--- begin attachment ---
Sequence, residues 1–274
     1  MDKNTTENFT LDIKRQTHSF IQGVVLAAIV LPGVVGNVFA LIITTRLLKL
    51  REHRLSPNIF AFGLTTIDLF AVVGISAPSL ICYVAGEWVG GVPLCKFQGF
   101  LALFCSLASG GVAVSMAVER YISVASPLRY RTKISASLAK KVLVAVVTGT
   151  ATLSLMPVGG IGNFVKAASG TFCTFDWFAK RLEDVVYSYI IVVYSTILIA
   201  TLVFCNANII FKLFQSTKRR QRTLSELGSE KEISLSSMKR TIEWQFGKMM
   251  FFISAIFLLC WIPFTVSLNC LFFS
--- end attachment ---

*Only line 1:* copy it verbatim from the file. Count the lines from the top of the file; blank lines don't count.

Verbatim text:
Sequence, residues 1–274